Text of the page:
Analysing transnational events


WARCnet, a European network dedicated to web archives 

Following on from the pioneering efforts of the Internet Archive in preserving web content from 1996 onwards (see the Wayback Machine, with 486 billion archived web pages as of late 2020), the 2000s witnessed a growing interest in web archives, with institutions such as the Bibliothèque nationale de France and the British Library developing policies for the collection of this born-digital heritage. The movement gained further momentum in the 2010s, and many European countries, including France, Luxembourg, Denmark, the UK and Portugal, now have large collections of web archives. These collections not only represent a valuable source for the history of the Web and digital cultures; they are also of great interest for contemporary history in a broader sense, as they touch on all areas of our personal, civic and professional lives (economics, politics, culture and more).

At European level, despite the many benefits of archiving the Web, there are a number of challenges to be overcome, including access issues and the difficulties of transnational corpora, since each collection can often only be consulted within the institution that created it. Questions of interoperability, inclusion and exploration of these “big data”, as well as technical issues and choices that need to be made about scope and what content should be preserved, also need to be addressed. The collections also raise questions for researchers: what is the best way of compiling trans-European corpora? How can we compare national web domains over time by referring to the archived Web? How can we study an event at European level by drawing on web archives that have been compiled nationally? The aim of the WARCnet network is to explore these questions over the 2020-2022 period.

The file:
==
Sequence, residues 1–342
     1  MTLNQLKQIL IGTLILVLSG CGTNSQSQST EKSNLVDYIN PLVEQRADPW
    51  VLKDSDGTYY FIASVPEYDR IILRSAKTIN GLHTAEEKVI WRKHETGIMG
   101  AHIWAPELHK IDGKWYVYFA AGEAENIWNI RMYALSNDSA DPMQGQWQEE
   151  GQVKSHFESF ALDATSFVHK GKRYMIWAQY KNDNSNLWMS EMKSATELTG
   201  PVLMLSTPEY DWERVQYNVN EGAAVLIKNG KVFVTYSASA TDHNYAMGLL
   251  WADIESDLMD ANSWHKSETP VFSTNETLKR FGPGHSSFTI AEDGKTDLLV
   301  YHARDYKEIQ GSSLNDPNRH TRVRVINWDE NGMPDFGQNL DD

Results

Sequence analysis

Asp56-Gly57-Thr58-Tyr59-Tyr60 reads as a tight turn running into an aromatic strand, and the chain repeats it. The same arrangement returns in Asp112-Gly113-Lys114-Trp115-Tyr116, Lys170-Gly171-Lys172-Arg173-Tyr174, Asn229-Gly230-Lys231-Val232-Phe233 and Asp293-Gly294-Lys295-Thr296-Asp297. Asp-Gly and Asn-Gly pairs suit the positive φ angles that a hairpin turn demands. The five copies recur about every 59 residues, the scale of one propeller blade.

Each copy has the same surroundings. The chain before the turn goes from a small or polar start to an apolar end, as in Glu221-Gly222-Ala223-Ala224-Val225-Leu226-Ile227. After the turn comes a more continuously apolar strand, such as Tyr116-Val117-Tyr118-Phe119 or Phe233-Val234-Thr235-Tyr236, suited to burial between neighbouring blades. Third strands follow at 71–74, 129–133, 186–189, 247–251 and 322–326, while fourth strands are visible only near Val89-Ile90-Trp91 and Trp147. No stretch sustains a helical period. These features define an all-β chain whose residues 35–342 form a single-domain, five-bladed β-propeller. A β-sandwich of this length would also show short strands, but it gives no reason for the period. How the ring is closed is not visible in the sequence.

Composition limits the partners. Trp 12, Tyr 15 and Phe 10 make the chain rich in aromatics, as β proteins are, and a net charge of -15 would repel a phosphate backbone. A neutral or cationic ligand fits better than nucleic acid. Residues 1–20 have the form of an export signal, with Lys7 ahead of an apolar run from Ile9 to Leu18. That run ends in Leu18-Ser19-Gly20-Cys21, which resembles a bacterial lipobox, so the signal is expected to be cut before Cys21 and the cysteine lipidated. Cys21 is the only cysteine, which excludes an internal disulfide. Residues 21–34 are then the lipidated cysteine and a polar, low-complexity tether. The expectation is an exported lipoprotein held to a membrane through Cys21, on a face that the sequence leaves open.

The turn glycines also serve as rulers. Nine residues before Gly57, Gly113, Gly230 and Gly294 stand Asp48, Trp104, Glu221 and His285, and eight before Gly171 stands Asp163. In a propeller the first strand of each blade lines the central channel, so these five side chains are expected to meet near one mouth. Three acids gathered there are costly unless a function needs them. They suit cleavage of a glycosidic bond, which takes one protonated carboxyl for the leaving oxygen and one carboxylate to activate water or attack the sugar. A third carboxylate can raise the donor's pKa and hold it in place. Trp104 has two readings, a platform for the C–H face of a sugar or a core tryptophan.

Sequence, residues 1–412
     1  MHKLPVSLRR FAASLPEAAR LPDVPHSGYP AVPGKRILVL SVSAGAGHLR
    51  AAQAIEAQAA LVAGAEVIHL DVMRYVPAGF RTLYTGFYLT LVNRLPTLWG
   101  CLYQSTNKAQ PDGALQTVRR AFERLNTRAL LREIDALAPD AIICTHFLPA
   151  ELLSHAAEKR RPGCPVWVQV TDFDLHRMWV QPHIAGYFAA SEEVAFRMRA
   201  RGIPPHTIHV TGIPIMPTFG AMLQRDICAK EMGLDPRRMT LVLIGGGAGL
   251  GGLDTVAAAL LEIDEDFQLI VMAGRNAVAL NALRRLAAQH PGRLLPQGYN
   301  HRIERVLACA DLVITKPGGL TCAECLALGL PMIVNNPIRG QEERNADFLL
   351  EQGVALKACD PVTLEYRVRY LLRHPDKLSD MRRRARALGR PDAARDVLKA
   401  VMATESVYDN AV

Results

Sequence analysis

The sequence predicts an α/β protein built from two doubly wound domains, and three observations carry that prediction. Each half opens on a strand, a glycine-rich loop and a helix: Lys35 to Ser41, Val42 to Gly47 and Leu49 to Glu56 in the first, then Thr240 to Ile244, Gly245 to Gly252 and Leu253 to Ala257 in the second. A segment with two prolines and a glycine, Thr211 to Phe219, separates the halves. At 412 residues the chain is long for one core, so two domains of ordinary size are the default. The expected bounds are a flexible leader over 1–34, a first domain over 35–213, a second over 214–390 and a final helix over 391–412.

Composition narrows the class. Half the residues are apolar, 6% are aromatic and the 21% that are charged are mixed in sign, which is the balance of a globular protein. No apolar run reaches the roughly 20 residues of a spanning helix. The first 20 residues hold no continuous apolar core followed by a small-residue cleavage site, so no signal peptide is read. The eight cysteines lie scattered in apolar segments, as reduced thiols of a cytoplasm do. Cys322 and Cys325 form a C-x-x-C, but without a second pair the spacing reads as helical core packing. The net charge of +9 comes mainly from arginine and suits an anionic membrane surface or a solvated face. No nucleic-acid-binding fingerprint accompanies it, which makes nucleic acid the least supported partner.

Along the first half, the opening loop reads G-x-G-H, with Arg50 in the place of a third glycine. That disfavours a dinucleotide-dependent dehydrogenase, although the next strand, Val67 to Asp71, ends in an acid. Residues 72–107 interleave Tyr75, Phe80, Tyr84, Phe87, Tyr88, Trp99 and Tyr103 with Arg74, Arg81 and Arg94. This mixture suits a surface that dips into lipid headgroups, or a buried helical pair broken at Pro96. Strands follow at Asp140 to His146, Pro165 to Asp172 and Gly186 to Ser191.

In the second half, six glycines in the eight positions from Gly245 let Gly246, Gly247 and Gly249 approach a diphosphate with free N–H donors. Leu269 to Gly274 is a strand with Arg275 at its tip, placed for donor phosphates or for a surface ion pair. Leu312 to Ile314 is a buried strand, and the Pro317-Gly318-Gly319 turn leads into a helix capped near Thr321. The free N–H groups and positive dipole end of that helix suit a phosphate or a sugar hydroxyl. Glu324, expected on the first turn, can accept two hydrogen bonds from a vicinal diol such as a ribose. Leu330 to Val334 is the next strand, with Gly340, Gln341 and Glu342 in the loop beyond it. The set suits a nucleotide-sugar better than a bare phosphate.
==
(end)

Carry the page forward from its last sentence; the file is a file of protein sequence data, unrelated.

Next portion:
A team of researchers and web archivists

The WARCnet network, funded by the Independent Research Fund Denmark | Humanities (grant no 9055-00005B), is currently composed of around thirty members and eight web archiving institutions. Led jointly by Niels Brügger (School of Communication and Culture, Department of Media and Journalism Studies, Aarhus University), Valérie Schafer (C²DH, University of Luxembourg) and Jane Winters (School of Advanced Study, Institute of Historical Research, University of London), the network immediately set out to pool the expertise of researchers and people all over Europe who are involved in compiling these archives (


So alongside researchers in history, digital humanities, IT and political science, the team also includes members of the Bibliothèque nationale du Luxembourg, the Bibliothèque nationale de France, the French Institut national de l’audiovisuel and the Royal Danish Library, together with representatives of the International Internet Preservation Consortium.   

The aim of WARCnet is to advance research on web archives, in particular by studying both the development of national web domains and digital traces of European events. It is organised into four working groups whose work is coordinated at twice-yearly meetings.

The two meetings in 2020 (Aarhus University and the University of Luxembourg) 

In May 2020, the first event (launch meeting) for the entire network took place. It was organised by Aarhus University but held online because of the restrictions associated with the COVID-19 crisis. The meeting was an opportunity to identify the main issues and research phases for each working group and also to share events such as the keynote addresses by Ian Milligan and Matthew Weber, both of which gave rise to publications (see the WARCnet Papers).